Dung:

Svensmark tells us that we (the Sun) are currently leaving the spiral arm which we have been crossing for some time (cant be bothered looking up how long cos its late). As the Sun leaves the spiral arm...

Leaving the solar arm? In what sort of timescale? Do you have any idea how big the galaxy is, how fast the stars in the arm are travelling or how long it might take for our position in the arm to change significantly? I think you will find it is a LOT longer than anything on a human species timescale.

Sep 26, 2012 at 11:15 AM | Unregistered CommenterBitBucket

Markington

Cosmic Rays originate from Super Novae (Novas? hehe) or collapsing stars, the bulk of stars exist in the spiral arms and the core. When we move into the space between the arms the density of Cosmic Rays is less.

Sep 26, 2012 at 7:28 PM | Registered CommenterDung

http://www.sciencebits.com/ice-ages
Indeed so, I was about to post this when the battery died.
Interesting times ahead.

Sep 26, 2012 at 11:41 PM | Unregistered CommenterMarkington

The Sun is a variable star, especially in the Extreme Ultra Violet.

The Earth orbits in the Sun's turbulent atmosphere/magnetosphere, making one revolution every 365.25 days.

The Sun orbits the Milky Way galaxy approximately once every 225 million years.

The Milky Way galaxy is in the process of colliding with the Andromeda galaxy. The actual collision will occur in about 4.5 billion years.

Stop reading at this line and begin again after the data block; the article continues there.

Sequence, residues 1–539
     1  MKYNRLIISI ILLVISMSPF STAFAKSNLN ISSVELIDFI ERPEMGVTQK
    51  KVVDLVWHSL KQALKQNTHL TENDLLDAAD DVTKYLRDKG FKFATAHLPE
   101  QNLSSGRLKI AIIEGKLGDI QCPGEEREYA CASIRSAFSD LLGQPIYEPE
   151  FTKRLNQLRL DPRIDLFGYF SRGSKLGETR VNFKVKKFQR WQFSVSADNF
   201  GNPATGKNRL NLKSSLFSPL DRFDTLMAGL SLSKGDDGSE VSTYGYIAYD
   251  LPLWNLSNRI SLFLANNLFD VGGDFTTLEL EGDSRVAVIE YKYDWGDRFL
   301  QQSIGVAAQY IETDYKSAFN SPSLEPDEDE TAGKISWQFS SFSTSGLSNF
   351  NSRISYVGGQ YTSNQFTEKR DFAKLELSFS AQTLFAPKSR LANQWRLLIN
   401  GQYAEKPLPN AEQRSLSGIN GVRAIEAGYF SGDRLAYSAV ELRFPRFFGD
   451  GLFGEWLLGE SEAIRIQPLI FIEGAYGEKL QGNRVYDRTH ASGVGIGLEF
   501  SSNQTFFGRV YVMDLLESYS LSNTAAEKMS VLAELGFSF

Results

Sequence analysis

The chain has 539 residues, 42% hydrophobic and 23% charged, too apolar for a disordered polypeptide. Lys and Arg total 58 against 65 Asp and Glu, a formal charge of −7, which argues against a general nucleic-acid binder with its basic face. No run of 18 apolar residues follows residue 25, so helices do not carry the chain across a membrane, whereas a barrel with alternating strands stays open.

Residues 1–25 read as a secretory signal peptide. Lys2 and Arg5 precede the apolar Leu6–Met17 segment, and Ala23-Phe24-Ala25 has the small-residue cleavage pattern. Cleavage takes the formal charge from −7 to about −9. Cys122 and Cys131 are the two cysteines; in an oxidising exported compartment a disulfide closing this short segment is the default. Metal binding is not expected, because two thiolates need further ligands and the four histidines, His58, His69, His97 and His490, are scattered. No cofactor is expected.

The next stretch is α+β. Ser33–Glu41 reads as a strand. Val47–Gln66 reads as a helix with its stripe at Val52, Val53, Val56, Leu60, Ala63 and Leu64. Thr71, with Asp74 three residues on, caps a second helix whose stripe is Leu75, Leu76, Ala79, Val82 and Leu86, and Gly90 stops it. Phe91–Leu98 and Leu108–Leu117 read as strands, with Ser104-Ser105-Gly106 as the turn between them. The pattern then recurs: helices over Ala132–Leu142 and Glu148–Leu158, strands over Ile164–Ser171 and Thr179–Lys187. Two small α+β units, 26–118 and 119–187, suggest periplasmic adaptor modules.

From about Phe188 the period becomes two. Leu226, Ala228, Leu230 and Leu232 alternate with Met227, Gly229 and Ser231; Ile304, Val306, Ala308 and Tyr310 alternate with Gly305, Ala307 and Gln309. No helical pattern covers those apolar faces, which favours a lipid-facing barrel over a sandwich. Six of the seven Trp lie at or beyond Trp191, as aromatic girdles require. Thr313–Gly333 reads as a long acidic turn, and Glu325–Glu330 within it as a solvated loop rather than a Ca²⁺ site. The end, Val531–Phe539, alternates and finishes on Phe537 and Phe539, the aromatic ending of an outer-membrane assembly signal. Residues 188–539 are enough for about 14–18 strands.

With our little planet passing through all this variable space weather we are asked to believe that…

A 0.04% concentration of the trace gas carbon dioxide in the Earth's atmosphere is the most important driver of planetary temperature?

Gimme a break!

To answer the question, "Where do the denizens of BH think our climate is going?" - I'm absolutely certain the climate is going to change.

Sep 29, 2012 at 1:08 PM | Unregistered CommenterScottie

Scottie

It sounds like the Met Office cheated when they asked for a new super computer if they knew they were only going to have to forecast climate for another 4.5 billion years -.-

Sep 29, 2012 at 3:06 PM | Registered CommenterDung

Dung

No, it's not quite as bad as that. They only have to peer 1.4 billion years into the future!

According to Wiki:

"…by the time that the two galaxies collide, the surface of the Earth will have already become far too hot for liquid water to exist, ending all terrestrial life, which is currently estimated to occur in about 1.4 billion years due to gradually increasing luminosity of the Sun."

But my point is still a serious one. With so much other stuff going on as the Earth hurtles on a wobbly orbit through (far from empty) space, the CO2 hypothesis tests one's credulity to the limit.

Sep 29, 2012 at 3:42 PM | Unregistered CommenterScottie

Scottie

You are preaching to the converted mate :)
I suppose a lot will happen in 1.5 billion years but I do wish humanity would embrace the idea that if we wish to survive as a species then we need to exist on more than one planet. From what you say that should be in more than one galaxy.

Sep 29, 2012 at 9:46 PM | Registered CommenterDung

Scottie's posts are very relevant to claims that man will soon exhaust the resources we need to survive and feed ourselves (UN Agenda 21).
According to Scottie human life on Earth has a known end point at about 1.4 billion years from now or sooner.
Robert Zubrin (atomic physicist and author of "The Merchants of Despair") reckons that there is enough Thorium to generate power for 8 billion years. We therefore need to make every effort to use resources more quickly or we will end up losing them! hehe

Sep 30, 2012 at 2:25 PM | Registered CommenterDung